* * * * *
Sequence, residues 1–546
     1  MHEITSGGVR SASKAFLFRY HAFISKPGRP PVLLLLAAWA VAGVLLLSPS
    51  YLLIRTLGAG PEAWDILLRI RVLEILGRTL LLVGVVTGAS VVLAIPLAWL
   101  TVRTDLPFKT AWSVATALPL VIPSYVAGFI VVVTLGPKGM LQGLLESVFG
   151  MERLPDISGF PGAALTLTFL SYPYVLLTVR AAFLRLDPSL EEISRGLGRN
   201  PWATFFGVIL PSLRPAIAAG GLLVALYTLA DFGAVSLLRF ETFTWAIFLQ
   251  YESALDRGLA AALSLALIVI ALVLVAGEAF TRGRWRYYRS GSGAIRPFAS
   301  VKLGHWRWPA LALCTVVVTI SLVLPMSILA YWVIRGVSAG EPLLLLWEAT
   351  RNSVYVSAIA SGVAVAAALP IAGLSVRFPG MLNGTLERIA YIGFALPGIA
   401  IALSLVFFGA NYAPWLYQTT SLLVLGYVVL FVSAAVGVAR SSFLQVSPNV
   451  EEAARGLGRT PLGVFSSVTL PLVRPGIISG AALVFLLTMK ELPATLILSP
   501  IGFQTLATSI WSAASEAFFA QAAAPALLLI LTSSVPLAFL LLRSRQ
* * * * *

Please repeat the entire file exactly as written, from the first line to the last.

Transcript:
Sequence, residues 1–546
     1  MHEITSGGVR SASKAFLFRY HAFISKPGRP PVLLLLAAWA VAGVLLLSPS
    51  YLLIRTLGAG PEAWDILLRI RVLEILGRTL LLVGVVTGAS VVLAIPLAWL
   101  TVRTDLPFKT AWSVATALPL VIPSYVAGFI VVVTLGPKGM LQGLLESVFG
   151  MERLPDISGF PGAALTLTFL SYPYVLLTVR AAFLRLDPSL EEISRGLGRN
   201  PWATFFGVIL PSLRPAIAAG GLLVALYTLA DFGAVSLLRF ETFTWAIFLQ
   251  YESALDRGLA AALSLALIVI ALVLVAGEAF TRGRWRYYRS GSGAIRPFAS
   301  VKLGHWRWPA LALCTVVVTI SLVLPMSILA YWVIRGVSAG EPLLLLWEAT
   351  RNSVYVSAIA SGVAVAAALP IAGLSVRFPG MLNGTLERIA YIGFALPGIA
   401  IALSLVFFGA NYAPWLYQTT SLLVLGYVVL FVSAAVGVAR SSFLQVSPNV
   451  EEAARGLGRT PLGVFSSVTL PLVRPGIISG AALVFLLTMK ELPATLILSP
   501  IGFQTLATSI WSAASEAFFA QAAAPALLLI LTSSVPLAFL LLRSRQ